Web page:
- The Washington Times - Friday, June 11, 2004

Excerpts of editorials from newspapers around the world:

Nezavisimaya Gazeta

Reagan was remarkable

MOSCOW — Reagan was a unique record-maker in U.S. history: When he took the oath of office in 1981 as the 40th president of the United States, he was 69 years old. There had never been an older president in the United States. There also had never been presidents who had been professional actors. Reagan lived longer than all other U.S. presidents — to age 93.

In the White House, Reagan was a “9-5 president,” because he could delegate his powers to subordinates. According to the estimate of one of his biographers, during the eight years he was president, Reagan spent one year at his ranch in California. …

The name Reagan found a firm place in the history of Russian-U.S. relations. Under him and Mikhail Gorbachev, the confrontation between the two superpowers grew into dialogue. This switch occurred in October 1986 at the summit in Reykjavik [Iceland], when both leaders issued loud calls for the destruction of strategic [nuclear] weapons. At the time, it’s true, they could only agree to “continue negotiations.” This was met with relief by Reagan’s aides — they were afraid that the president had strayed too far from the “script” they had written.

This Day


JOHANNESBURG — … The route to greater prosperity, Ronald Reagan insisted, was to cut taxes, reduce government spending and free business from the burden of regulation.

The money companies saved on taxes would be ploughed into new investment, and the economy would grow so fast as a result that the federal budget — helped by cuts in wasteful social programs — would remain in balance.

All the while, though, cash was being poured into defense as the Cold War stuttered into its final phase.

Despite his often-stated commitment to balanced budgets and small government, Reagan doubled the U.S. deficit from $74 billion to $155 billion during his eight years of rule.

If Reagan truly has a legacy, Bush Junior is its mascot.

The economic stimulus provided by tax cuts and massive spending is what created the Reagan boom, not rigorously applied supply side economics. The approach bequeathed structural imbalances that are still around, and George W. Bush is doing his best to deepen them as he looks for a boom of his own. …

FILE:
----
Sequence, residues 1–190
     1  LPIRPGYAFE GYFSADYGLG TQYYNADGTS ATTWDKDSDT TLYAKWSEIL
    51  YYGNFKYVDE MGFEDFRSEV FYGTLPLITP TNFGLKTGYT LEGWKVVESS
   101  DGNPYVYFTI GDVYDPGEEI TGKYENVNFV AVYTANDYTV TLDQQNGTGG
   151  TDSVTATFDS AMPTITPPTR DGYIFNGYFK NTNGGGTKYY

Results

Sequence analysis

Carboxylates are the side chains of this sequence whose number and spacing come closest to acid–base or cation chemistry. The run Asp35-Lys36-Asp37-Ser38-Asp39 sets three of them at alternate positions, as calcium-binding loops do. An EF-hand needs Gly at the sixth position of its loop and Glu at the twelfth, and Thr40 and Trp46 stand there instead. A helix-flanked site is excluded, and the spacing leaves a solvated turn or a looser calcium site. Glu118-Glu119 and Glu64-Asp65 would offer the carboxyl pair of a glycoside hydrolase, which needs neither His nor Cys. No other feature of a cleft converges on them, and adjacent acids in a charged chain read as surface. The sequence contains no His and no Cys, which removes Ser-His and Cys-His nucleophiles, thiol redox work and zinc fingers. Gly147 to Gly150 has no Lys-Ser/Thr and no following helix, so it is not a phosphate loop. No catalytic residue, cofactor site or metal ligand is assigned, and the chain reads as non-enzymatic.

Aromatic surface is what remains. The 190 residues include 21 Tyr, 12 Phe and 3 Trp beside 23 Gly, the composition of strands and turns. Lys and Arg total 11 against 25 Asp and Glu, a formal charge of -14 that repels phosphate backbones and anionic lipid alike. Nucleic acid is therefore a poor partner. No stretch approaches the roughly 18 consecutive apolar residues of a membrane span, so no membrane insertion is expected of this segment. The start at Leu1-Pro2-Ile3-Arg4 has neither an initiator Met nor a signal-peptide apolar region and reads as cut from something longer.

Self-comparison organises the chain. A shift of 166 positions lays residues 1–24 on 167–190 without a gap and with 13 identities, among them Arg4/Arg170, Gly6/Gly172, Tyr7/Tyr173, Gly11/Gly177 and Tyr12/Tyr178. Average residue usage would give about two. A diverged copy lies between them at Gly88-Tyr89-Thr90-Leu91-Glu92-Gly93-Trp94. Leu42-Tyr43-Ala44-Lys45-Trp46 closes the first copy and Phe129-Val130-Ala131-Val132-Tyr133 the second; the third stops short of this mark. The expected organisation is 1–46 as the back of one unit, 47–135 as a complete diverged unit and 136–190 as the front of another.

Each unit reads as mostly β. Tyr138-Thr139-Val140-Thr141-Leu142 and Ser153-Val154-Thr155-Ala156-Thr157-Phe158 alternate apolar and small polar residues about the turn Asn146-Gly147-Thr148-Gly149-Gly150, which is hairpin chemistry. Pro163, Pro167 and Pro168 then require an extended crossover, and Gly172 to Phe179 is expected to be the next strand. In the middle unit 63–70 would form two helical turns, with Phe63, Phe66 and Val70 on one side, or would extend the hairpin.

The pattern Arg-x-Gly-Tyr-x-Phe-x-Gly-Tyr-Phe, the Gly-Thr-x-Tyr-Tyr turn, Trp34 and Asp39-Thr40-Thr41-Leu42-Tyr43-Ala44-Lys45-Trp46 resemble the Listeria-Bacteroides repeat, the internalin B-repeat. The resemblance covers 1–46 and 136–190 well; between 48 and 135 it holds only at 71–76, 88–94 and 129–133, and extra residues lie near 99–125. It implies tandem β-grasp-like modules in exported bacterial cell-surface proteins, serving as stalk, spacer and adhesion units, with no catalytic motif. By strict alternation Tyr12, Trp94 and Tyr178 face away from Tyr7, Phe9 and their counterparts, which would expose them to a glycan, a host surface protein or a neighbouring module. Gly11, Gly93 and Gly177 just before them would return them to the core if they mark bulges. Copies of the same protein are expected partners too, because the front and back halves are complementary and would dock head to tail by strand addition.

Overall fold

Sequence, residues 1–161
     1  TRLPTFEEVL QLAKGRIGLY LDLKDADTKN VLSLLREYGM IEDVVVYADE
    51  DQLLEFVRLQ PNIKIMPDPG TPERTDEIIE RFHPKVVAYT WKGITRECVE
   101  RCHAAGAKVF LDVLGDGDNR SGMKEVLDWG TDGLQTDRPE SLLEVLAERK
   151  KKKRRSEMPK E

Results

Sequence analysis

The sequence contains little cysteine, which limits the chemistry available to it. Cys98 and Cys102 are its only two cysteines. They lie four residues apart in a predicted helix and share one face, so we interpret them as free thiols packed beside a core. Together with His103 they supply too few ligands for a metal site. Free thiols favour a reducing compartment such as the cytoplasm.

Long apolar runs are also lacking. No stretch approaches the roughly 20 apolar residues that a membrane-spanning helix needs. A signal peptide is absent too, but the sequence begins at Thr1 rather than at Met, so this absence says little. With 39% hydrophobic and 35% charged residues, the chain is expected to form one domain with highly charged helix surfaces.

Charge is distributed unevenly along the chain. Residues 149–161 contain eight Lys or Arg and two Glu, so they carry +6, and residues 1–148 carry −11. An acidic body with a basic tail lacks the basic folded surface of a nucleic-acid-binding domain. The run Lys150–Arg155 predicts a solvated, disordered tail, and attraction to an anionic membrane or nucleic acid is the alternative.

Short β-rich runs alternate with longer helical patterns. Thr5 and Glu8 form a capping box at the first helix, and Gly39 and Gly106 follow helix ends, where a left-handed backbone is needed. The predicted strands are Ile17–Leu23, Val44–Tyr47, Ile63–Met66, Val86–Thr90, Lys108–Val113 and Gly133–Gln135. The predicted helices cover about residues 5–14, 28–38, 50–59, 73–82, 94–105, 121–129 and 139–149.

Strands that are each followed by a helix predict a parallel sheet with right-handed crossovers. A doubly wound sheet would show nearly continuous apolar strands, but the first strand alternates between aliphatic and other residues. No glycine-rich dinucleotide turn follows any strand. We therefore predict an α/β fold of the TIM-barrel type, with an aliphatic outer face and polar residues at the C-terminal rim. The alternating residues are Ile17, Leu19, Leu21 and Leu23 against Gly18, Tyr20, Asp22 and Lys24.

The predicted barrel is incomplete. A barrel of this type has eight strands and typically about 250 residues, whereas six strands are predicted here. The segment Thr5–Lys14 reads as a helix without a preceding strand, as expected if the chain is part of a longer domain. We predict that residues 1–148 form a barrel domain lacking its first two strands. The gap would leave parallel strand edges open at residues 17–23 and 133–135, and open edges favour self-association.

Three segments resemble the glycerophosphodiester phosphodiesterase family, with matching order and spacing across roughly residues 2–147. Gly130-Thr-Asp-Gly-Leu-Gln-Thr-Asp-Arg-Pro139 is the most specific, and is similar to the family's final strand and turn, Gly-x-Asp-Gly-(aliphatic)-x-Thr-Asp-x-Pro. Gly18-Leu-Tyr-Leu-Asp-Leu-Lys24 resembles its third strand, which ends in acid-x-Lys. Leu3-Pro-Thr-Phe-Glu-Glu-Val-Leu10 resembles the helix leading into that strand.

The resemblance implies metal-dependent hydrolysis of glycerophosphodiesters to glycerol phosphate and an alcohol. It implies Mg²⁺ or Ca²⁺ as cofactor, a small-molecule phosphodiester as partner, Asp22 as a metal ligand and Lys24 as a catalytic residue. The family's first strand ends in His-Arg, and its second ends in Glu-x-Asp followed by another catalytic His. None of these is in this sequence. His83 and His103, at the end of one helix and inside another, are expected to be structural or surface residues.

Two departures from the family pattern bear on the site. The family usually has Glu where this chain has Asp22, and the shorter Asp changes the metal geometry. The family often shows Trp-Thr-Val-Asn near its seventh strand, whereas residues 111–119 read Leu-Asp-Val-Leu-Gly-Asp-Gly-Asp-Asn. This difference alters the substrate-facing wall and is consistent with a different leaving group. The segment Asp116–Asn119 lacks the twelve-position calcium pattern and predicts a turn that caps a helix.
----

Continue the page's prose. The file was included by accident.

Bush is fighting the “axis of evil,” where Reagan fought the “evil empire,” and he shares not only the outlines of Reagan’s policy approach, but his blithe confidence that everything will turn out for the best.

In the coming months we will see just how much power it has to move voters.

Daily Telegraph

George Tenet’s resignation

LONDON — … It would be a mistake for President Bush to assume George Tenet’s resignation as director of the Central Intelligence Agency will in itself correct past intelligence lapses, or disperse the political acrimony which is currently undermining confidence in the Bush administration’s ability to defeat the global terrorist threat.

It is important that the correct lessons be learnt from Mr. Tenet’s departure. … The lead-up to the war in Iraq exposed the danger of relying too heavily on surveillance systems at the expense of having human intelligence agents on the ground, as was the abiding principle during the Cold War.

The reasons for this were partly operational, but also political, for a general complacency set in during the 1990s after the Cold War was won. The CIA will be criticized in coming weeks for its lack of preparedness pre-September 11, but Gen. Colin Powell and other senior members of the administration deserve condemnation, too, for publicly blaming the intelligence services for failures that go far beyond simple shortcomings in the CIA’s performance. The buck stops not with the spymasters, but with the politicians.

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